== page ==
What is joyriding?
Joyriding is defined as borrowing someone′s car, bicycle, boat, or motorcycle without permission, with the intention of just using it for a while. Although joyriding isn′t considered theft, it′s still illegal because the owner′s permission wasn′t given.
It doesn′t make any difference how long you keep the vehicle before returning it, or if you were only a passenger. If you know that the vehicle has been taken without the owner′s consent, and you ride around in it, you′re still held responsible. You don′t have to be the one who took it or drove it to be considered accountable.
Any damage to the vehicle may also become all or part of your responsibility. The exact circumstances surrounding the incident will be considered in determining the consequences.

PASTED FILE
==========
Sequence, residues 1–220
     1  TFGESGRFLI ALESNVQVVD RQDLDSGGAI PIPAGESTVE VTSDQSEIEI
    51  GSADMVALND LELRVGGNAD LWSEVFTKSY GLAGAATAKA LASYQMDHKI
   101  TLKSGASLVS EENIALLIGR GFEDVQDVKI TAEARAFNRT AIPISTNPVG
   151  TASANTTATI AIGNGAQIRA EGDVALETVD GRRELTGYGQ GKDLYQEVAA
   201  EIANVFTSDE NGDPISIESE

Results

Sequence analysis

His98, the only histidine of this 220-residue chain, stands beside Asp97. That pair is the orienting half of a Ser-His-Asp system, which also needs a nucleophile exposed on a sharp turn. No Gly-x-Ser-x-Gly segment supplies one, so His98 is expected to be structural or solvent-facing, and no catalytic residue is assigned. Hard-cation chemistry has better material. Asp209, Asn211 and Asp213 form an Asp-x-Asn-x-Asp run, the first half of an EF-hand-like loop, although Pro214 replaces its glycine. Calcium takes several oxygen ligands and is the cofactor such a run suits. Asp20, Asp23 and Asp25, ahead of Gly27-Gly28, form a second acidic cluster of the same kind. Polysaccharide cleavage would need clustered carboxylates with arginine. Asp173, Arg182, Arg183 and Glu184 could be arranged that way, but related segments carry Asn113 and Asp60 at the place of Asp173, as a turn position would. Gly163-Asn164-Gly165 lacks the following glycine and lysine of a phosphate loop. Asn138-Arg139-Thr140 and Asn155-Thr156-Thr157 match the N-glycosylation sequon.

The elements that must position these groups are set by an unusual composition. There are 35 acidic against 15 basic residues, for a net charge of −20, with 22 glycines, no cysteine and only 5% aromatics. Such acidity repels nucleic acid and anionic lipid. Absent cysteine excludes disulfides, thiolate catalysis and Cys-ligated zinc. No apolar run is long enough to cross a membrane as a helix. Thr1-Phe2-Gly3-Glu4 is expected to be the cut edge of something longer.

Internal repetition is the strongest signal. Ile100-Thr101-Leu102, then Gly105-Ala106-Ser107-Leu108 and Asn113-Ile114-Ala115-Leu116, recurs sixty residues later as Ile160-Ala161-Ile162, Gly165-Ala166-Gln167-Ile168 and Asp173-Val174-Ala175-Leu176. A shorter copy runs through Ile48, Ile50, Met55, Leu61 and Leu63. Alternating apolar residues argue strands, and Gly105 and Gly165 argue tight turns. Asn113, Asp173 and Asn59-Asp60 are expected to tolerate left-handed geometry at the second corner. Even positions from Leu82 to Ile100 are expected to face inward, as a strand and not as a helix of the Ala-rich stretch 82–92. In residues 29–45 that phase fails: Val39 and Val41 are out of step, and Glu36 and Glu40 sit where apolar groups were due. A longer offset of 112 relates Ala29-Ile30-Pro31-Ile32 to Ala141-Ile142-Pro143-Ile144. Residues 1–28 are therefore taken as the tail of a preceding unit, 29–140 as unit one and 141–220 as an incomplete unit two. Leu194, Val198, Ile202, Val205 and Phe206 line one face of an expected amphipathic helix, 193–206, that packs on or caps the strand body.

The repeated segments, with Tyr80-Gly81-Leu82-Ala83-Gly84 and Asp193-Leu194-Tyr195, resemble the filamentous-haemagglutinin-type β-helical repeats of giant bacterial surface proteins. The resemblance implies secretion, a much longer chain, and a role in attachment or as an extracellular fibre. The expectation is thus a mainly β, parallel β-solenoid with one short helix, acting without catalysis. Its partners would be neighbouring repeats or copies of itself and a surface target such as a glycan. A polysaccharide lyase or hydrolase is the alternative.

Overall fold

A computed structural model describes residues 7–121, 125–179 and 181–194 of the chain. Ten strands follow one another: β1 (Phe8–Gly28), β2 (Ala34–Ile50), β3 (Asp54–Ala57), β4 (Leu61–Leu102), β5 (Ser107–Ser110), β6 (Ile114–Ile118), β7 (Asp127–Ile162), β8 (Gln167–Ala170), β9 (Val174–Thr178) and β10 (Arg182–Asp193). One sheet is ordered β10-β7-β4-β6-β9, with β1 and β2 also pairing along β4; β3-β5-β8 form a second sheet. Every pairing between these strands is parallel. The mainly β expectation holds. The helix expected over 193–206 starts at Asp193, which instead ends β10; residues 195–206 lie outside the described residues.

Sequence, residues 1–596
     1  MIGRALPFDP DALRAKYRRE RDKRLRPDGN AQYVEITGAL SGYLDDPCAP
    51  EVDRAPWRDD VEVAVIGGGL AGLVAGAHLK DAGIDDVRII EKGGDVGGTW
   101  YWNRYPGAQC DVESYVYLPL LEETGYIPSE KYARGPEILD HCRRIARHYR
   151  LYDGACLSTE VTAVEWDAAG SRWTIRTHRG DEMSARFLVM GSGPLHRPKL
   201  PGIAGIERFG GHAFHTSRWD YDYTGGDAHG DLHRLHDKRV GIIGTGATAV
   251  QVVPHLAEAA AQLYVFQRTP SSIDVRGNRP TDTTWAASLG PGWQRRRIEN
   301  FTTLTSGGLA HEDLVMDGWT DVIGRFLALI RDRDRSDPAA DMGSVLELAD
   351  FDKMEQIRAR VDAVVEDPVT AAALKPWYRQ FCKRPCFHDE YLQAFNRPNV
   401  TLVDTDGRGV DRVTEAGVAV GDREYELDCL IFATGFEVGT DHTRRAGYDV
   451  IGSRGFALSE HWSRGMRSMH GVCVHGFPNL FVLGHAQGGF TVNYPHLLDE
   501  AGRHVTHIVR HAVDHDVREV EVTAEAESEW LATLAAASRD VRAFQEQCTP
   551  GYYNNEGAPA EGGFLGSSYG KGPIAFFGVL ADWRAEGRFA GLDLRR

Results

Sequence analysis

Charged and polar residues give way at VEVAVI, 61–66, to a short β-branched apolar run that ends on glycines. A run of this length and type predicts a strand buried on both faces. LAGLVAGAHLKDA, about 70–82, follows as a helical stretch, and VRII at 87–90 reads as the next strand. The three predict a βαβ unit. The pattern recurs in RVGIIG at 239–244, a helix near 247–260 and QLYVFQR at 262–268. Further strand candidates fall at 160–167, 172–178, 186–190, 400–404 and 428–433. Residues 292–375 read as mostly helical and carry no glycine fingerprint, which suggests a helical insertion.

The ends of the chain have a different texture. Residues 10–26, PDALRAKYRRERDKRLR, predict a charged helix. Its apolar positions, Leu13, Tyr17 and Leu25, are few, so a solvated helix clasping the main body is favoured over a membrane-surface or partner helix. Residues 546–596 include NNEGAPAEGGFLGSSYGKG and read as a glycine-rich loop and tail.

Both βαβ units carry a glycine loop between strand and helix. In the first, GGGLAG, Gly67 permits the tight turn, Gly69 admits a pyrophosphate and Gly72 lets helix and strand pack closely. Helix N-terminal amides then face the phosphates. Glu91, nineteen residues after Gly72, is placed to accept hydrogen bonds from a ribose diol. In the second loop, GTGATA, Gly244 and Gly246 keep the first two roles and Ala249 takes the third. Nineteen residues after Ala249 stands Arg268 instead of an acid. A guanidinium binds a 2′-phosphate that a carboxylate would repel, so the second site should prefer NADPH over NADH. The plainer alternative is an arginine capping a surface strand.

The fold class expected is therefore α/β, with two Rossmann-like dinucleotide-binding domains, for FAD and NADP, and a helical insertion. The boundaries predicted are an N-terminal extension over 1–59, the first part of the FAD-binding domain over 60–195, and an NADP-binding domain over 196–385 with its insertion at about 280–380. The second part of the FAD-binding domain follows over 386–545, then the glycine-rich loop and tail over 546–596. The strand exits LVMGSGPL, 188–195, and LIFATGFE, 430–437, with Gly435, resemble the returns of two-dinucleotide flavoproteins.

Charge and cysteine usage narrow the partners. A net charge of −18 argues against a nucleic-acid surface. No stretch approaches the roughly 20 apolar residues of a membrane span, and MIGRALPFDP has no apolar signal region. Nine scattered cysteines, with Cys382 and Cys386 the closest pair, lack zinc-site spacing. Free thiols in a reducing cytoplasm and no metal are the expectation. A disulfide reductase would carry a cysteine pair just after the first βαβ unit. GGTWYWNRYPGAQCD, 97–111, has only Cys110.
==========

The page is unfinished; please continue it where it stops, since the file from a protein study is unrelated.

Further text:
In most jurisdictions, joyriding is a misdemeanor. Penalties for first-time offenders include diversion (counseling and community service hours) or a short probation period (possibly six months). If you′re caught again, additional probation or intensive probation is possible, as well as house arrest or detention. If you have a driver′s license or permit, it may be taken away.
Note: In April, 2008 a 7-year-old boy in Florida took his grandmother’s keys and drove off in her SUV. He backed out of the driveway and took off, hitting mailboxes, signposts and parked cars. His eight-minute joyride came to a stop when one of the wheels fell off. He may not be prosecuted because of his age but he was arrested so he could get some help.